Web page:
Gut Reactions: A 19th-Century Medical Adventure

I’ve blogged already about the Civil War pension records pertaining to Martin Haigney, my great-great-grandfather who served at the Watervliet Arsenal in West Troy, N.Y. Previously I wrote about the joys of discovery, the fun of organizing all that paperwork and the larger social implications of the pension system — all lofty, rewarding stuff.

Today, however, we descend into the bowels of the file. Literally.

It started at the dining room table, which was probably not the best place to be dissecting a Civil War medical record. Still, when I noticed not one, but four diagnoses of cholera in Martin’s medical history, I couldn’t help blurting out my astonishment.

“Cholera? What’s that? Is it serious? Do you throw up?” The eldest daughter suddenly lost interest in her cinnamon Pop-Tarts.

“Four times? That’s highly unlikely,” said Mr. Archaeologist, who in real life is an actuary and keeps track of statistics and stuff.

“Shush, you two,” I said, re-checking the page. [Note: Mr. Archaeologist is a casualty actuary, not a life actuary, so it was OK to shush him. -- Ed.]

Yes, there it was on the record, four times. Here is the transcribed list from a War Department memo of 24 January 1899:

  • Aug. 7 to 9 54, Cholera Morb.;
  • Sept. 18 to 20, 54, Diarrhea;
  • Mar. 5 to 8, 55, Pneumonia;
  • Aug. 29 to Sept. 1, 57, Sick;
  • Nov. 13 to 15, 57, Influenza;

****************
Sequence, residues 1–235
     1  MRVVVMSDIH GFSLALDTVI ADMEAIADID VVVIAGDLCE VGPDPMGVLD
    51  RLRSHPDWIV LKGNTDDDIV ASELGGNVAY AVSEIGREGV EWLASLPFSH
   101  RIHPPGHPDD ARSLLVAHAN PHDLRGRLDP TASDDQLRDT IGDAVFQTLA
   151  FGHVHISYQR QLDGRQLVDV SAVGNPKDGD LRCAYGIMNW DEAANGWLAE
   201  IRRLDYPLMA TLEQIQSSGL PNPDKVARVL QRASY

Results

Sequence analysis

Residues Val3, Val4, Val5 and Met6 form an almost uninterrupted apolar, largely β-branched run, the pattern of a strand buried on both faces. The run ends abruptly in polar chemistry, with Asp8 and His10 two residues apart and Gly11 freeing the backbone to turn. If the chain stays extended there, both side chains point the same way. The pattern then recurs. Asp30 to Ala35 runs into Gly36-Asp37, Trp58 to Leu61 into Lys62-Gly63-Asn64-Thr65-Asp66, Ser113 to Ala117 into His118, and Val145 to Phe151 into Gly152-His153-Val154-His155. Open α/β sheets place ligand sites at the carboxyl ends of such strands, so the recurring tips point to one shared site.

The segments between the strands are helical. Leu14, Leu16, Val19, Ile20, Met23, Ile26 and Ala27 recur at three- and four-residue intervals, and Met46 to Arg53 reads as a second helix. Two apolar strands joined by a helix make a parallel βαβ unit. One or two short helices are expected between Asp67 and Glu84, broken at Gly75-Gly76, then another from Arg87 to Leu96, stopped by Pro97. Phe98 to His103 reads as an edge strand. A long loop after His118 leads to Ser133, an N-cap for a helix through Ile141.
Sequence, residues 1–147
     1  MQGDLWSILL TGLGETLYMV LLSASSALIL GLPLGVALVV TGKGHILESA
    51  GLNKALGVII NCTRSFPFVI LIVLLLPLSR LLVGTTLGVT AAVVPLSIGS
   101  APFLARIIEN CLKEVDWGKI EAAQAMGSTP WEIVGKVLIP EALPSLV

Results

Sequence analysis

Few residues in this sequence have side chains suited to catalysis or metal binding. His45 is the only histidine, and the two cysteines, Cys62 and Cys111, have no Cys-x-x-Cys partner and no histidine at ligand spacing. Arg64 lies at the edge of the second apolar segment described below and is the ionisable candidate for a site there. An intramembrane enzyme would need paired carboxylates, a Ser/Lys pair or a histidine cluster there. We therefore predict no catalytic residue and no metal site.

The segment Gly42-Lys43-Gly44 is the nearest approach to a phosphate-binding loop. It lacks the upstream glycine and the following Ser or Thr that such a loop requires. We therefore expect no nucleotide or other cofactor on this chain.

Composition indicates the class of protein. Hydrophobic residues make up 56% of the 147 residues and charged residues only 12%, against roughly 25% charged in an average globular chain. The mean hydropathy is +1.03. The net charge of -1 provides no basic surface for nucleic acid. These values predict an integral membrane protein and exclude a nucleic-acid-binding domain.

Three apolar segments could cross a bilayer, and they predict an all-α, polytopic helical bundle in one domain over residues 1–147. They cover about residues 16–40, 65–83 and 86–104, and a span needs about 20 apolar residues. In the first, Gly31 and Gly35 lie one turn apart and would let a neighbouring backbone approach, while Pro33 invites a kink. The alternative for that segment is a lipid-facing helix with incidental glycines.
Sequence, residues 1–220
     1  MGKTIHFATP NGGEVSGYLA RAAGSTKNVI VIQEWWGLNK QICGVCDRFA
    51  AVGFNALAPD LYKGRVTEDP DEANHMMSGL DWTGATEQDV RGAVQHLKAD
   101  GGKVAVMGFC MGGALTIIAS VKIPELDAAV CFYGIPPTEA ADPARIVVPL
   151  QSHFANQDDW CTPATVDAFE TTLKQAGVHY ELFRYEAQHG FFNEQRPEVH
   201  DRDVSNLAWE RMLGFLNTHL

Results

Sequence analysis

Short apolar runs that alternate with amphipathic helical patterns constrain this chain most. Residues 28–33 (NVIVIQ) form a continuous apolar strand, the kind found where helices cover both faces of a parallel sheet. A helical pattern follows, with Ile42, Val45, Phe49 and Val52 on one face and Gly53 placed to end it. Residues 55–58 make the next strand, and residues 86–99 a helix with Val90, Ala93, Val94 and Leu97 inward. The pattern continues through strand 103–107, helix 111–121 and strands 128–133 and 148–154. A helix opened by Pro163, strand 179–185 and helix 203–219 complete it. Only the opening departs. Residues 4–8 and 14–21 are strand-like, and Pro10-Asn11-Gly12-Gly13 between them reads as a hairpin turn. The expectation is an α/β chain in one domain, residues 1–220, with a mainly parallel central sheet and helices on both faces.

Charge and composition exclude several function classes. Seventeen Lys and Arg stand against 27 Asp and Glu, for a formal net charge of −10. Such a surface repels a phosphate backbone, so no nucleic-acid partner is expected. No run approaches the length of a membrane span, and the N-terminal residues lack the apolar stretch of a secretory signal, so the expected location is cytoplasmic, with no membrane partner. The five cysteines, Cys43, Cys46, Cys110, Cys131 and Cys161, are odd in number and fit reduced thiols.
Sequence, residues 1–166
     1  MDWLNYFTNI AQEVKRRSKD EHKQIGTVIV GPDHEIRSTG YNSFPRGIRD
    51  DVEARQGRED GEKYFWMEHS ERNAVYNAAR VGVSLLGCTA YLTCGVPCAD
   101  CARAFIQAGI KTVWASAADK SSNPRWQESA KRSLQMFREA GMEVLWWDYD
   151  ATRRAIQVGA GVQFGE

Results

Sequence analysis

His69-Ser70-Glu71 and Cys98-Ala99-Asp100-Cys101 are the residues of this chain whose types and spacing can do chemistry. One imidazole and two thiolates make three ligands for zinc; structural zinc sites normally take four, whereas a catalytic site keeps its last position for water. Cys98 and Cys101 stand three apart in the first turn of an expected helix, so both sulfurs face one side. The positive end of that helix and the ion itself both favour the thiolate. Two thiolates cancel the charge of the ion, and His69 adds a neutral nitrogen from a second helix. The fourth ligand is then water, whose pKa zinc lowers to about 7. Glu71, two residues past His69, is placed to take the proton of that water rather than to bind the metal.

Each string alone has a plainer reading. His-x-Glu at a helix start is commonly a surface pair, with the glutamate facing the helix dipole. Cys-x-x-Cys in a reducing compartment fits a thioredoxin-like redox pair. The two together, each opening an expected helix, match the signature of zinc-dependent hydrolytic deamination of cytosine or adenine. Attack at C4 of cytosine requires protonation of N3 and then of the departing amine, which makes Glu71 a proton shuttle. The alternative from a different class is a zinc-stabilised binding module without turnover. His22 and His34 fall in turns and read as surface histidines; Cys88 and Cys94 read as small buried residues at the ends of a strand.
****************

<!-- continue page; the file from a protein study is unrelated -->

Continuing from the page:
• Aug. 16 to 19, 59, Cholera Morb.;
  • Aug. 8 to 12, 60, Diarrhea;
  • Sept.  6 to 9, 61, Cholera Morb.;
  • Nov. 2 to 4, 61, (no diagnosis);
  • Aug. 20, 62, Diarrhea;
  • Feb. 2 &3, 64, Diarrhea;
  • Mar. 17 to 30, 64, Measles;
  • June 9 to 11, 64, Diarrhea;
  • Aug. 5 to 7, 64, Dysentery;
  • Jan. 23 to 29, 65, Tonsillitis;
  • July 11 to 12, 65, Diarrhea;
  • Jan. 5 to 12, 66, Dysentery;
  • June 29 to July 1, 66, Rheumatism from exposure to cold & rain, ret’d to duty as – Hagney, Corp[? illegible];
  • July 24 to 26, 66, Cholera Morbus;
  • Jan. 19 to 21, 67, Lumbago, ret’d to duty;
  • Nothing further found

“Eeeww,” said the eldest daughter, who had managed to finish her Pop-Tarts anyway.

“That’s some gut,” said Mr. Archaeologist brightly. [Note: Actually, his comments have been somewhat edited -- Ed.]

Indeed. But what was going on with all those reports of cholera? Everyone knows how how swiftly cholera claimed its victims. From what I’ve read, it was possible to survive it back in the day, once. But to have it four times and live to get a pension? C’mon.

It turns out this is a classic example of reading a 19th-century list with 21st-century eyes. The clue is in the fourth instance, where the diagnosis is spelled out as “cholera morbus.” A quick Google led me to the Wikipedia entry on gastroenteritis, where my mystery was solved, although I had to scroll to the bottom of the entry for the payoff.

Before the 20th century, the term “gastroenteritis” was not commonly used. What would now be diagnosed as gastroenteritis may have instead been diagnosed more specifically as typhoid fever or “cholera morbus”, among others, or less specifically  as “griping of the guts”, “surfeit”, “flux”, “colic”, “bowel complaint”, or any one of a number of other archaic names for acute diarrhea. Historians, genealogists, and other researchers should keep in mind that gastroenteritis was not considered a discrete diagnosis until fairly recently.

The listing of my great-great-grandfather’s ailments certainly seems to point to a chronic gastrointestinal condition. Or maybe to a chronically compromised drinking water supply.

So consider “cholera morbus” your archaic diagnosis of the day. And since I’m feeling generous, here’s an extensive list of archaic disease terminology to consult at your leisure.

I recommend waiting until after breakfast, however.




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